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Computers

HP 6 Core Opteron Workstation

eWeek reports that HP is fielding an Opteron workstation with Istanbul 6 core Opterons. Their Proliant G6 line up can handle up to two Istanbul processors for 12 cores of action.

The HP xw9400 workstation, announced July 1, is aimed at such high-end applications as engineering, 3-D digital content creation, oil and gas, and science, according to company officials. AMD’s Istanbul Opterons are designed to drive up performance while reducing power, cooling and management costs. The HP xw9400 workstation can hold up to two of the chips—for 12 cores in all—and each chip offers up to 34 percent more performance per watt over AMD’s previous quad-core processors.

Acer About To Knock Dell Into 3rd Place

The New York Times reports that Acer is poised to knock Dell out of the number 2 spot in computer sales. Hehehe.

This year, Acer appears poised to overtake Dell as the world’s second-largest seller of personal computers, which would put a real dent into one of America’s favorite dorm-to-empire business stories. And if this comes to pass, Acer would trail only Hewlett-Packard; no computer company based outside the United States has ever climbed so high.

“That is a big achievement, and they have beaten the odds,” says Roger L. Kay, a PC industry analyst and president of Endpoint Technologies Associates, a consultancy. “Acer is a real comer.”

Advantech PPC-L61T Review

Rugged PC Review has tested out the AMD Geode powered Advantech PPC-L61T.

The PPC-L61T can be configured either as an embedded device running Windows XP Embedded or Windows CE 6.0 on Compact Flash, or as a full Windows XP machine using an optionally available SATA hard disk kit that mounts onto the backside of the computer. The unit is powered by an AMD Geode LX800 processor and comes with up to a gigabyte of RAM. The low-power processor provides adequate performance and does not need a fan. When mounted in a panel, the PPC-L61T's front bezel is sealed to IP65 specifications. The unit is designed to handle the abuse (shock, temperature, vibration, etc.) likely encountered in a manufacturing environment.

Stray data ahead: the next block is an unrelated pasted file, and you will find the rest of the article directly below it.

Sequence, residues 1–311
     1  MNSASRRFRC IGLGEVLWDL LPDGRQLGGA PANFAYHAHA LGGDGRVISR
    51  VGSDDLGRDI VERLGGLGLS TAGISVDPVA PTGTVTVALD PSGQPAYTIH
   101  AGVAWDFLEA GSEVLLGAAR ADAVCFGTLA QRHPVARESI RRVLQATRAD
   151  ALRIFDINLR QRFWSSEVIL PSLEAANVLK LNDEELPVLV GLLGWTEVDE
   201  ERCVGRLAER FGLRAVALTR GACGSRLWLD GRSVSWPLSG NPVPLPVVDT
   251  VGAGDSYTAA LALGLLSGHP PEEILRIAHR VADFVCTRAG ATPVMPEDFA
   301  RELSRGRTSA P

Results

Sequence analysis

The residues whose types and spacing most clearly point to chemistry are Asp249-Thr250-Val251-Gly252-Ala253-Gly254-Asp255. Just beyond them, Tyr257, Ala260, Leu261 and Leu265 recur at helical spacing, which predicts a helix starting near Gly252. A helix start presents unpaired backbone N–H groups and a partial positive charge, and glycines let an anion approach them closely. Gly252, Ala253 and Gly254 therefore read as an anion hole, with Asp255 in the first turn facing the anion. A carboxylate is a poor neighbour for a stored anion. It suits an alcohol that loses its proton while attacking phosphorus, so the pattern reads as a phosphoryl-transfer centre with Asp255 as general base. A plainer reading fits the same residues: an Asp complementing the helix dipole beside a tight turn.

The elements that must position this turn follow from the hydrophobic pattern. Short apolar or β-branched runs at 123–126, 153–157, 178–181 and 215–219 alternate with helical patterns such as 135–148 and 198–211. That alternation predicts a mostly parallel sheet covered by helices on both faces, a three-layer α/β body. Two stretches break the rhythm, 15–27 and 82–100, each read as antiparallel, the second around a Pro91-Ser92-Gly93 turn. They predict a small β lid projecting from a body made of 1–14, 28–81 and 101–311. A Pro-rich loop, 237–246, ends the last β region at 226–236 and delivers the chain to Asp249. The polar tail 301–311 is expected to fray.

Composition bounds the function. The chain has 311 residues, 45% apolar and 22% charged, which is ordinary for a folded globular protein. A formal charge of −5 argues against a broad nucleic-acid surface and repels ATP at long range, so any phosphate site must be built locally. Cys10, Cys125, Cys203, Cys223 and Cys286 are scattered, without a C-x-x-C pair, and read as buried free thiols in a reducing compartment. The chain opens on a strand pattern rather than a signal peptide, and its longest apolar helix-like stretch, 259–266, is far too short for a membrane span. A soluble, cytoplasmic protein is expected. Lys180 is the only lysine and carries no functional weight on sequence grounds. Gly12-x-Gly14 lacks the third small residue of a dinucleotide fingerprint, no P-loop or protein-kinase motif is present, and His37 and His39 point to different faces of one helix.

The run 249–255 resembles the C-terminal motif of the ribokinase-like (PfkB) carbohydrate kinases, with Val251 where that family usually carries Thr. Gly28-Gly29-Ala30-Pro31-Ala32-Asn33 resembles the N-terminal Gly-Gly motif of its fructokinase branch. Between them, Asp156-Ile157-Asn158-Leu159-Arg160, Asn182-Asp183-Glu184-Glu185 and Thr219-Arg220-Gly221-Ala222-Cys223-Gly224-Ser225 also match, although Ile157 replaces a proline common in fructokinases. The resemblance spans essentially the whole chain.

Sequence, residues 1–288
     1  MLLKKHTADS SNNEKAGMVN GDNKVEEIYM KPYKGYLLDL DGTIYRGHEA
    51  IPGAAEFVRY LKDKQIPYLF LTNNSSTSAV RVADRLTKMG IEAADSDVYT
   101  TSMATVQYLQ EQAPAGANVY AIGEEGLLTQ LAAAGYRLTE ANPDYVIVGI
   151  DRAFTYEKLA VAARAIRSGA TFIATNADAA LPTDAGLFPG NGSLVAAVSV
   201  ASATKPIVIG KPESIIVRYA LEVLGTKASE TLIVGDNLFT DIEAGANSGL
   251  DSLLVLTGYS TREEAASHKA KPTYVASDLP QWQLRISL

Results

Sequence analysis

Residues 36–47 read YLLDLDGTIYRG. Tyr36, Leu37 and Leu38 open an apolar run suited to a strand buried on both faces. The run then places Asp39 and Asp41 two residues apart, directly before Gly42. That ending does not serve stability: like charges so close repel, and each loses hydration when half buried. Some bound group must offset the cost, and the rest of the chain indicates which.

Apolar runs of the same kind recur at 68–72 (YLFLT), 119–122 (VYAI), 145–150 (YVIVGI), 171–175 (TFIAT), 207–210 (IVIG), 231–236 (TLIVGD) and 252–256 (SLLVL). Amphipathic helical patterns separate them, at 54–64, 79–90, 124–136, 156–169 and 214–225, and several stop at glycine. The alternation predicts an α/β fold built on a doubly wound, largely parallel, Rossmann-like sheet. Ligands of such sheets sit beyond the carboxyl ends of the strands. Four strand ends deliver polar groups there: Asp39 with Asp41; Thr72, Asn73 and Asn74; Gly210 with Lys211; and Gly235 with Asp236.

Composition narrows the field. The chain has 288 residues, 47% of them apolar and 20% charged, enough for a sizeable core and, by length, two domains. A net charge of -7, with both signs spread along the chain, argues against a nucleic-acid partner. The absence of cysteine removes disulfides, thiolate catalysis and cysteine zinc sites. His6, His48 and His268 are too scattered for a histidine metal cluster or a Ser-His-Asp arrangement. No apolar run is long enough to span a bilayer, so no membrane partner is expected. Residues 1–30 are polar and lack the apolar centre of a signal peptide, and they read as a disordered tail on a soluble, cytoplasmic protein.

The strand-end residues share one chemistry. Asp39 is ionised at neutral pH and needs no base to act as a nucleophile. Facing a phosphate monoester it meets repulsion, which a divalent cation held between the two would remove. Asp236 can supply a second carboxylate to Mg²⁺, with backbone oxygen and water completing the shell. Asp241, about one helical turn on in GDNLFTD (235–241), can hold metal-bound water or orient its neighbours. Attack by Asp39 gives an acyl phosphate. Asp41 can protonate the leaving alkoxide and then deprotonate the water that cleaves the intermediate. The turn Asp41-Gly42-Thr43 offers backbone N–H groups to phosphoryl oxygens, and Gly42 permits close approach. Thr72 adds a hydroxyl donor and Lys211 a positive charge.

HP Quad Core AMD Desktop For $399

Fudo reports that HP has a quad core Phenom desktop available for about $400. You can find this deal for sale here.

Phenom 9150e might not be the fiercest cat around, but since we've found it at geizhals.at priced at €189,21, it doesn't take long to catch up why this is a great deal. The CPU is energy efficient 1.8GHz clocked with 65W TDp.

System Builder Knows Very Little About CPU Performance

I almost fell out of my chair when I read this one.

While we follow customer demand in general, there are also times where system builders use their expertise to sell what is best for the consumer, even when that bucks the general trend. My views on RAID are a good example. If AMD had a CPU that was compelling enough, you bet that we'd be pushing it in front of our customers. But I have to admit that I know very little about AMD's current processor performance.

Yes, this is a system builder, that does not pay attention to processor performance. Now, techically we build systems here at Tek Republik, but since we are so busy with game console repair, I don't even advertise it. In this story at Tom's Hardware Chris "mindfreak" Angelini sets up story from a system builder who does not pay attention to processor performance. I find that hard to believe. Sorry, but if you don't pay attention, I don't know how you know what to build. I guess that was Dell's excuse for all those years wasn't it?

The story is some setup on the EU ruling against Intel it appears. Apparently because AMD does not march a rep up to this system builder face to face, they don't know anything about AMD CPU performance. Funny, but it was almost a year since I talked to someone at AMD, actually at AMD this past Thursday, but I never didn't know what performance looked like becuase of that. Oh, and I know what Intel performance is, and they have never, ever briefed us in 11 plus years. I find this excuse incredibly lame. Sorry. That's how I roll.

Then I read this.

The bottom line is that AMD CPUs are far more likely to be unseated during shipping. When the package in transit hits a large bump, the mounts of the heatsink can flex, and the heatsink pulls away from the motherboard. The thermal paste acts to provide suction, so the heatink pulls the processor with it. What's worse, if the bump is large enough, the CPU can pull completely out of socket. When the heatsink retention pulls everything back together, it mashes the CPU pins, effectively destroying the CPU in most cases. The solution is to use a smaller, more sturdy heatsink, which limits the product we can offer.

I seem to remember, over 3 years ago, building 20 computers for a TXGF lan with AMD CPUs. I seem to remember using Coolermaster coolers, that used the mounting holes to attach to the other side of the board. Moving to and from the lan party none of them fell off. In 3 years plus of use none of them fell off here at Tek Republik. In fact none of the CPUs, or the boards have failed, or overheated. I'm typeless.

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Monday, November 24, 2014

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